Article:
Madame L found "Greenwitch," by Susan Cooper, at the gift-and-junk-food shop in a hotel where she was attending some meetings last month. The Sheraton Portland Airport Hotel has a great idea there: a book exchange. You pick up a used book, free, and replace it with another one. So, while Madame L was attending that conference, she picked up "Greenwitch" and a book of Congregational church hymns and a book of poetry, replacing them with three books she had already read.
But, back to "Greenwitch": It's the third book in the five-book "Dark is Rising" series by Susan Cooper. Madame L read all these books when she was younger, then re-read them when her children were reading them, and is planning to give her complete set of the books to her grandchildren when she thinks they'll enjoy them.
So, why read "Greenwitch" all by itself, now? Madame L remembered some of the details of the story and wanted to review them. Plus, the hard-cover book was free. And it's short (129 pages). Mostly, though, Madame L remembered being fascinated with the idea of a Greenwitch, kind of like the female version of the Green Man of English lore.
Madame L recommends this book to all her Dear Readers. You can even start with this book, or, better yet, start with "Over Sea, Under Stone," then read "The Dark is Rising," and then read "Greenwitch." (And then read "The Grey King" and "Silver on the Tree.")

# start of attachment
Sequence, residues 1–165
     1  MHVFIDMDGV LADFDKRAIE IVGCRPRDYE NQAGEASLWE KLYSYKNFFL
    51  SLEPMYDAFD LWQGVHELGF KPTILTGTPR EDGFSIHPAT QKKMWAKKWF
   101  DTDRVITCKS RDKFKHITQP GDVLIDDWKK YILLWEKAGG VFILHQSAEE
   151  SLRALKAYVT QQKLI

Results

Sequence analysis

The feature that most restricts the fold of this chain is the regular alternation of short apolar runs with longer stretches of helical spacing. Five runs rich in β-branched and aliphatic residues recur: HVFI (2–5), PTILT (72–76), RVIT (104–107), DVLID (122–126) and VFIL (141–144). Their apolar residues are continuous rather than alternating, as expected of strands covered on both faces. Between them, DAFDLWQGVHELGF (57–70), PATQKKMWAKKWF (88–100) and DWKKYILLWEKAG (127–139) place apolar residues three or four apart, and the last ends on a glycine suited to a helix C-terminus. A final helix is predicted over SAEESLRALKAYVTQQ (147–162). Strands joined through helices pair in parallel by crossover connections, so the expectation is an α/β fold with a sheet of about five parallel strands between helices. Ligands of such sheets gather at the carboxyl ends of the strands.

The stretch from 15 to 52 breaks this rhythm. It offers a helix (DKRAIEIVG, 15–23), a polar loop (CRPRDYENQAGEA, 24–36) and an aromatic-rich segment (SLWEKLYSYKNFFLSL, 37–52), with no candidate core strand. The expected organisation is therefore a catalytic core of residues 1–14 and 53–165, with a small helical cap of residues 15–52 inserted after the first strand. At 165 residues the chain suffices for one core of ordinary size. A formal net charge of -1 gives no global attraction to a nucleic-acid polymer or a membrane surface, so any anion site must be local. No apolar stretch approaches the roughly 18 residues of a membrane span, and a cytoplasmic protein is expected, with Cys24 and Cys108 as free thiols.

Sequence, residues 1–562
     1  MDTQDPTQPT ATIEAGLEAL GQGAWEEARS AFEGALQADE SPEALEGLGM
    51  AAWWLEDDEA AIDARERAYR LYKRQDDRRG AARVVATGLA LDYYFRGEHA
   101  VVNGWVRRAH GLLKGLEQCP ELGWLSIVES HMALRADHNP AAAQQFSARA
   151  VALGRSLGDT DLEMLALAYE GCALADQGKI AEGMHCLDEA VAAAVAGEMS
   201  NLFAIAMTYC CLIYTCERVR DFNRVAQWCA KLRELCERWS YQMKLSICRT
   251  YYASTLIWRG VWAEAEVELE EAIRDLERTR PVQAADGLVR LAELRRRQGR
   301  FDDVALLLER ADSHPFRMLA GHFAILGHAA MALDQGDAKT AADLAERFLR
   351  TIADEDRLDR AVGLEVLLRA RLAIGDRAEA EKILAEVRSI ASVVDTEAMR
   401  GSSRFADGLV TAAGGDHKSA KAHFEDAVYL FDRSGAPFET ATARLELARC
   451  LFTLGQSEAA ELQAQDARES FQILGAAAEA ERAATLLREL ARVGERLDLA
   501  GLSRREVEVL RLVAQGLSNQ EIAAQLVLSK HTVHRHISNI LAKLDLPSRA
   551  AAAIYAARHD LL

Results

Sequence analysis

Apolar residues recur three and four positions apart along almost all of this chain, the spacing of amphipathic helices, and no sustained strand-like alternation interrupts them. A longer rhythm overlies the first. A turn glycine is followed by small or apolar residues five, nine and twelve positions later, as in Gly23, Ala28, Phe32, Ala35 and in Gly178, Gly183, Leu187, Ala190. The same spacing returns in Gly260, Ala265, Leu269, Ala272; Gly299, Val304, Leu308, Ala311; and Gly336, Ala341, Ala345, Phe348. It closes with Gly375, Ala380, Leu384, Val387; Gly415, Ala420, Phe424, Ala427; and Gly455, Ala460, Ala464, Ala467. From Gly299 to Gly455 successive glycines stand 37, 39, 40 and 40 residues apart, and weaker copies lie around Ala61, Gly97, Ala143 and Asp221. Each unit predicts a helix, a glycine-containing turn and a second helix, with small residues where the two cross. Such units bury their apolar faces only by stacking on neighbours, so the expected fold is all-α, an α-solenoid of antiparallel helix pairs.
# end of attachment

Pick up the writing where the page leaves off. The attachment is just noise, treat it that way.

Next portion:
These books, supposedly for children ("The Dark is Rising" was a Newbery Honor Book) and definitely fitting in the "fantasy" category, have timeless lessons on values and morality and courage and strength.
The Greenwitch is a woman-made creature that is cast into the sea every year, and Jane Drew, one of the four children in the series, is invited to witness the making and the throwing of the woven-wicker image into the sea.
Jane, the only girl among the four main characters, is featured here, the only book of the series in which she takes a leading role. She is instrumental in saying just the right thing at just the right time to the Greenwitch. Her brothers Simon and Barney, along with Will Stanton, who is the youngest of the Old Ones, are involved in the rest of the story, and they all help Great Uncle Merry find the grail and the scroll with the interpretation of the grail's lettering.
Madame L will be happy to send it to any of her Dear Readers who would like to read it. Yes, it's that good. Or, if none of her Dear Readers is interested, Madame L will return it to the hotel gift shop and pick up another one in its place.